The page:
Just how original are you?
Can one “get creative” or is one born creative? I think there are elements of both, but for organizations, there are strategies to help build a more creative team and bring more creative ideas and strategies to bear within your organization.
The creative process is what excites me about work each day. I have often marveled at the power of the brain to “percolate” on a problem behind the scenes within the subconscious part of the brain, and then in the most random place (jogging, taking a shower, etc.), a refreshingly creative solution pops into one’s consciousness, seemingly, from almost nowhere. Research shows this often occurs in the morning when our minds are not yet completely preoccupied with other thoughts. Similarly, we often get frustrated trying to figure something out, to the point we just give up and let it go. Then later, when our minds are more relaxed, the solution seems to suddenly come to mind.
In his book Originals: How Non-Conformists Move the World, author and professor Adam Grant demonstrates that the above scenario of a solution popping into our minds is no random event. Grant also elaborates on the fact that both individuals and organizations can enhance creativity and originality.
I found his information on child prodigies particularly interesting. What the research shows is that while these kids are rich in talent, ambition, and opportunity, they historically have not been the ones that generally change the world. What seems to hold them back is that they do not learn to be original. As Grant states, “They conform to the codified rules of established games, rather than inventing their own rules or their own games. All along the way, they strive to earn the approval of their parents and the admiration of their teachers.” They can play an existing piece of Mozart perfectly but never compose their own scores, as he goes on to say. In fact, the research shows that the most creative kids are the least likely to become the teacher’s pet. I have seen that firsthand in the classroom, and teachers should really take a step back and ponder that. That is not to say that conformists are not successful. They often are quite successful and many become experts in their field; they are just not generally the ones that change the world.
I’ve often wondered about this in the way parents today have their kids interacting in what have become super “programmed” activities, where parents control every detail. Take early youth sports, for example, where the kids just show up to play rather than being active participants and creators of the game. I may sound like an old guy here, but “when I was a child,” we wondered off to the park where others slowly came out to join, and WE picked the teams, WE made and enforced the rules, etc. That fosters much more creativity, independence, and originality in my mind. This may be something for new parents to consider moving forward. The pendulum may need to swing back the other way a bit.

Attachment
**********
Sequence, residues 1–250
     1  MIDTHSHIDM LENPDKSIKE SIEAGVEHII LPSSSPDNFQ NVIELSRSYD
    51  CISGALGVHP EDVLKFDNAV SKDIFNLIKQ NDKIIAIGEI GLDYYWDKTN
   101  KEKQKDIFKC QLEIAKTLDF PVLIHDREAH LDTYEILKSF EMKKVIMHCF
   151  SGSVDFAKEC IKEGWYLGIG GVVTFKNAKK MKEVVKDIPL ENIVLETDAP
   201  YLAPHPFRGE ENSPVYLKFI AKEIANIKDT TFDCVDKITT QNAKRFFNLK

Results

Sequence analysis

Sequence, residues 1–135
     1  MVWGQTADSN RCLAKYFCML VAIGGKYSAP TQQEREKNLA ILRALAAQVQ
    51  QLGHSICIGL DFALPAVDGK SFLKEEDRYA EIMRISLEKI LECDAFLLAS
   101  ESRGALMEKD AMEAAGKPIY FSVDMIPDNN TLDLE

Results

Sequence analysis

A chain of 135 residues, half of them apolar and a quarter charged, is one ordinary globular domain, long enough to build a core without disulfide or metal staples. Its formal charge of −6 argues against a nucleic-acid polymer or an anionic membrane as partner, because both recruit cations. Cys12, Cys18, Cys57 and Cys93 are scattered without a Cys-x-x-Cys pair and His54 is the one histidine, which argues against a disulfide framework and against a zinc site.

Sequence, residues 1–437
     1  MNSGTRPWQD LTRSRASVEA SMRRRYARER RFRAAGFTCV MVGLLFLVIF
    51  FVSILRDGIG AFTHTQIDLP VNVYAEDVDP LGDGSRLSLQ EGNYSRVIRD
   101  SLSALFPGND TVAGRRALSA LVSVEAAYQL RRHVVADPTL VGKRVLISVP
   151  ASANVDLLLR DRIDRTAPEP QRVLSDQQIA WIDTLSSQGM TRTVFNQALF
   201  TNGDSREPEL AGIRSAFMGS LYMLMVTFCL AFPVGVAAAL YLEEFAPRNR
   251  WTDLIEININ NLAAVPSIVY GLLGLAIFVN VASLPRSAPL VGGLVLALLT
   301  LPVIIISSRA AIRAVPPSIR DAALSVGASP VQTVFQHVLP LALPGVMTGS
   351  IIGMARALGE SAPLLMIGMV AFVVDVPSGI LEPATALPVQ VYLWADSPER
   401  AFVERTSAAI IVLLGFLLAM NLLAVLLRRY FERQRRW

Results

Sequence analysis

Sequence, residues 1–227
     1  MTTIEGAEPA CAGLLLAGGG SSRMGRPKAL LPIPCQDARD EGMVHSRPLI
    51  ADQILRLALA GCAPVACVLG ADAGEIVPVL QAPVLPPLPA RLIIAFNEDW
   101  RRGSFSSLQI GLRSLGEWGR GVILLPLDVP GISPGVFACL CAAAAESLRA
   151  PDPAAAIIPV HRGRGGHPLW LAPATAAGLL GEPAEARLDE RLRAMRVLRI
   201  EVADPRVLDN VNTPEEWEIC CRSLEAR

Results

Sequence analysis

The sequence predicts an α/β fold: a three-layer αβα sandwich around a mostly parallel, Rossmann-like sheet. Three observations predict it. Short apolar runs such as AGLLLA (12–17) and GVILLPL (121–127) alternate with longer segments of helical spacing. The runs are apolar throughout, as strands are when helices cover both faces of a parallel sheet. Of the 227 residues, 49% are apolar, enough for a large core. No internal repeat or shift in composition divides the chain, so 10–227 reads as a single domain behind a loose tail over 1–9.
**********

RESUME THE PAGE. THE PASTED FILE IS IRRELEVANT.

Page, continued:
Interesting stuff, but what about originality and creativeness in organizations? Like the above examples, similar issues come to bear in keeping your organization relevant, particularly as technology is changing all business sectors so rapidly – something I think about constantly. I loved the quote Adam listed from George Bernard Shaw on this: “The reasonable man adapts himself to the world; the unreasonable one persists in trying to adapt the world to himself. Therefore, all progress depends on the unreasonable man.”
That is not to say, of course, that you don’t need people to follow processes that are there for good reason, but as our own team members will tell you, something we constantly encourage people to do is to speak up and not be afraid to rock the boat with ideas diametrically opposed to something we are currently doing or looking at implementing. It is also one of the reasons we like to hire candidates from outside our business sector. How can you bring new viewpoints if you’ve been immersed in doing things only certain ways?
Don’t be afraid to bring in “outsiders” and those with a bit of a rebel flare. You may sometimes be challenged and wonder why you did it, but trust me, you will be challenged to look at things from new perspectives and consider alternatives. That is more important than ever in business. Original thinking and creativity is a requirement now to stay relevant for the long term.
One last note is that planning and hard work are not the enemies of originality and creativity. In fact, both of those facets enhance it.
The nonconformists that are more likely to change the world are also generally some of the hardest workers and, contrary to what you might think, they do plan ahead. Many of the successful rebels held down day jobs while working on their original ideas. The stability in one area allowed them the freedom to be original in the conception and development stage of their other industry changing efforts.
I cannot do this topic the justice it deserves in a short blog, but you owe it to yourself to delve into this topic more. You may be surprised by many of the findings Grant’s book brings up, such as that negativity and imagining the things that could go wrong can actually be of great value, rather than insisting on blind optimism from your team. Topics like that are addressed in a chapter called “Rocking the Boat and Keeping It Steady.”
If you are a client and would like a copy of the book Originals, just let me know and I will get one to you. The song selection for this blog is “Bicycles” by an original band, Elkke (formerly Emy Reynolds Band). Enjoy: